Can you imagine, a human body in the form of one big eye walking into our meeting? Can you imagine that? Suppose there should come into our meeting at the moment — this is where if we want drama in the church, we should have some way of doing this. We should have at this point someone walk in, fixed up so he looks like one big eye. That’s absurd. That’s so ridiculous. And so the apostle is stressing that we need all the members of the body, not one big eye. Suppose we happened to look out before the meeting began and saw an ear sidling up to the door outside to come into the meeting? What would we do? Probably faint or rush for Howard Pryor and ask for help or something like that, you know. Or a leg; suppose a leg alone walked in. We might say, “Well, that’s better because he doesn’t have his belly with him.” But still, we’d be so astonished. Well, that’s what Paul is talking about. He’s talking about these ridiculous things when he says — I have to look on this so I can be sure I’m reading this correctly — if the foot should say, ‘Behold I’m not a hand,’ is it therefore not a member of the body?
H. A. Ironside has an interesting expression with regard to his, and I think maybe I can find it where he talks about the fact that this suggests that it may come a time in which the body may refuse to do work, and the foot go on a strike. This is what Mr. Ironside says, “Even though set apart to God in Christ with new natures, we so often still find working within us envy and jealousy, and there’s a tendency to say, ‘Well, as I cannot do as so and so does, I will not do anything.’ And so discontent is engendered.” That often happens in the church when we look and think of ourselves, and we try to say — put ourselves into place of doing what someone else does exceedingly well, and we discover that we cannot do what they do so well with anything like the skill at which they can do it and we just say, I won’t do anything.
And so discontent is engendered, Ironside says. Remember that every member of your physical body has its own special function. Just imagine a foot going on strike and one morning as you wake up and you get ready to get out of your bed, you go to put your foot on the floor, the foot speaks to you and says, I don’t like being a foot. I don’t like always being shut up; have stocking pulled over me and then a shoe. And not only that, since you’re old now and you want a stocking at night also, I have a stocking on most all the time — that’s a personal confession. Your feet get cold. Leave off those stockings. So I do not like it that the hand does all the writing, the painting, and the playing of the piano while I have to be hidden away all of the time. I don’t like that kind of thing and I’m not going to function unless you train me to write and to play the piano. I refuse to walk any longer or as — work any longer as a foot.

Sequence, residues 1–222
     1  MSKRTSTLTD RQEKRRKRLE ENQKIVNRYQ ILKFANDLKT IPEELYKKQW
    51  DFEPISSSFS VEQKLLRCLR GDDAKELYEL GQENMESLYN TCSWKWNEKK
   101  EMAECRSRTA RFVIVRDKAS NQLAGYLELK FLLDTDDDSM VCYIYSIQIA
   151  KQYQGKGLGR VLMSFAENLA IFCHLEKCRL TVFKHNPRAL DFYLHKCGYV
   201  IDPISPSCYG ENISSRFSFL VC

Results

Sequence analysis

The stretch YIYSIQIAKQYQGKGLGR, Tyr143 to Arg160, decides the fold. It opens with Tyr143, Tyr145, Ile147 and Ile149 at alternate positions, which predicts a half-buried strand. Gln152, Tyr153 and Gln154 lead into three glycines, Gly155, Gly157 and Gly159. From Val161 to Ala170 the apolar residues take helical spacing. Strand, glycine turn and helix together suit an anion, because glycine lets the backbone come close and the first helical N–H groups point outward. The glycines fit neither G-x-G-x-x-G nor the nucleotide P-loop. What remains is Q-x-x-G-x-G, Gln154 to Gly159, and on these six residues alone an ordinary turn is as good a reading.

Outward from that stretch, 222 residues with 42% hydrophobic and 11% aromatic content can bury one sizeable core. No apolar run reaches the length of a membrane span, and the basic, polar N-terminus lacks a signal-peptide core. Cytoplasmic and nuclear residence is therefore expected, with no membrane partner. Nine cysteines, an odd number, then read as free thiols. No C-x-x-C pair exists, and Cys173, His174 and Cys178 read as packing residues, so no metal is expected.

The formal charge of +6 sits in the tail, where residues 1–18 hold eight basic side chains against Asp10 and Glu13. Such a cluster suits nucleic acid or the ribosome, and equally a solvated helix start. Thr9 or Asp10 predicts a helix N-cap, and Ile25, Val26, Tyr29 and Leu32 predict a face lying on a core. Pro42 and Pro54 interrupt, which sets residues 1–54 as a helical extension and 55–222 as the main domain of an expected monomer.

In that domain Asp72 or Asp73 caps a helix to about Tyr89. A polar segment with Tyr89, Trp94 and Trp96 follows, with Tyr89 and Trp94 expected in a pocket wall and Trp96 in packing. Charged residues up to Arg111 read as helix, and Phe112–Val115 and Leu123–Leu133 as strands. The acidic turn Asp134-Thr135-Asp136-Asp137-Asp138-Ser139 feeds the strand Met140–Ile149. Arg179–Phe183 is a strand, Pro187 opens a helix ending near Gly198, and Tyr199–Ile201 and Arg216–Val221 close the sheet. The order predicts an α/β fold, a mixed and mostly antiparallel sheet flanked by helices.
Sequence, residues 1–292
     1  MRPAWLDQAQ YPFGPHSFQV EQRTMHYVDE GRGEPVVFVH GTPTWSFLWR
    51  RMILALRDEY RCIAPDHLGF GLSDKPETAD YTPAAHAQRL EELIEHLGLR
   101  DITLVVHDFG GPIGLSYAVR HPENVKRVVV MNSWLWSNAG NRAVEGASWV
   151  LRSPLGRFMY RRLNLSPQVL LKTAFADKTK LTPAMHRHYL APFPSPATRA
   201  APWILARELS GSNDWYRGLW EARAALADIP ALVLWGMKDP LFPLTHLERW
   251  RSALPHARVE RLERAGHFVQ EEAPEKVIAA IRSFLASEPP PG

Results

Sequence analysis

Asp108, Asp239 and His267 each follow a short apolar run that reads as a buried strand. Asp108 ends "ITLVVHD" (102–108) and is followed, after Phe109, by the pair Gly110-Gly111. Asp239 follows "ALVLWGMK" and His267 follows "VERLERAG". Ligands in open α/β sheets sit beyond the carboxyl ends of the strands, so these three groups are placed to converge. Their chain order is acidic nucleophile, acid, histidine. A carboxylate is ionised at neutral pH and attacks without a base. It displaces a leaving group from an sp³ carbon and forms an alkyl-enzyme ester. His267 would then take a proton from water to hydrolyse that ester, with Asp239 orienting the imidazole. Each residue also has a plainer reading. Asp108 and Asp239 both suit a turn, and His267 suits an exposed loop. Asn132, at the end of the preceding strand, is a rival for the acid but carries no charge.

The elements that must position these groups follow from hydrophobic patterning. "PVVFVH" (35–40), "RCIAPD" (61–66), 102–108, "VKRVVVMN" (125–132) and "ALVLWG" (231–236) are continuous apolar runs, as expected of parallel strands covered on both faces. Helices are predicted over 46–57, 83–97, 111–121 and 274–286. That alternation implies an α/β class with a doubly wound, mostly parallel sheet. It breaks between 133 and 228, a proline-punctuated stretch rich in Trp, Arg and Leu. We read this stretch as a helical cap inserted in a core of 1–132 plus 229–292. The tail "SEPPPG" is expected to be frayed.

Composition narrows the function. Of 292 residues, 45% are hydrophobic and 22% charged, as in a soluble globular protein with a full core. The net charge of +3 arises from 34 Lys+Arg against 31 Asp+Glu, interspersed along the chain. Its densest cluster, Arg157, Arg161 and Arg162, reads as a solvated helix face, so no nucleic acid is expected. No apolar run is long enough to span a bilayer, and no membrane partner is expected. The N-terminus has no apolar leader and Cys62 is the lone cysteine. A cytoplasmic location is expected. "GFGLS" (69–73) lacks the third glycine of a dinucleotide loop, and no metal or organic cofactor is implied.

And there are a lot of Christians like that sit in our audiences. They have gifts from God just like the rest of us, but they think that they have to do — if they have a gift they have to do like the person who stands in the pulpit or the person who teaches a Sunday school class or the person who has another form of ministry, like working in the tape ministry. And if they’re not doing something like that, that is visible, that people see; therefore they say, I just won’t do anything. That, of course, is to deny the truth that Paul is talking about. We all have a place in the body. We all have a specific gift, and we know from the New Testament that we are to be rewarded by the faithfulness with which we manifest our gift, whatever that gift may be. The person who stands behind the pulpit may discover — probably will discover when the time for the Lord to — for him to stand before the Lord and to have his works judged by the Lord, that while he had a gift that people thought was a great gift was not nearly so great as people thought it was and others who had a very insignificant gift, did it faithfully and their rewards are greater. Scriptures are very plain on that point.
Ironside goes on to say, he heard of a man born without arms who had been so wonderfully trained that he could hold a pen between his toes, write, paint on a board, but he was a freak in a side show. A normal person would not do that. The foot cannot do the work of a hand. If a foot’s content to do its own work, what a splendid thing it is. If it tries to do the work of a hand, what a failure it is. That’s true of spiritual gifts Paul is telling us. We need to pay attention to what he is talking about.
And notice the statement in verse 18. “But now God has set the members, each one of them, in the body just as he pleased.”
In verse 11 we read, “But one and the same Spirit works all these things, distributing to each man individually as He wills.
So in one verse, we’re told by the apostle that our gifts are given to us as God pleases, and then in another verse, we’re told we have we gifts in accordance with God’s will. Those two verbs, incidentally, are slightly different. One of them means to will, the other means to wish but often means to will too and Paul evidently uses them in a very similar way.
Our gifts are given to us as God wills. So if he wills for me to be a teacher of the word and I decide I’m not going to be a teacher of the word, I’m going to try to exercise some other gift, then of course I would be following guidance that is not from the Lord God. All of us need to think very deeply and very seriously about our spiritual gifts; ask ourselves, “What is my gift?” and remember that it is on the basis of the gift that is given to you as God pleased, as he willed, that you will stand ultimately before the Lord God. Verse 20 states the present situation with Paul, “But now indeed there are many members, yet one body.”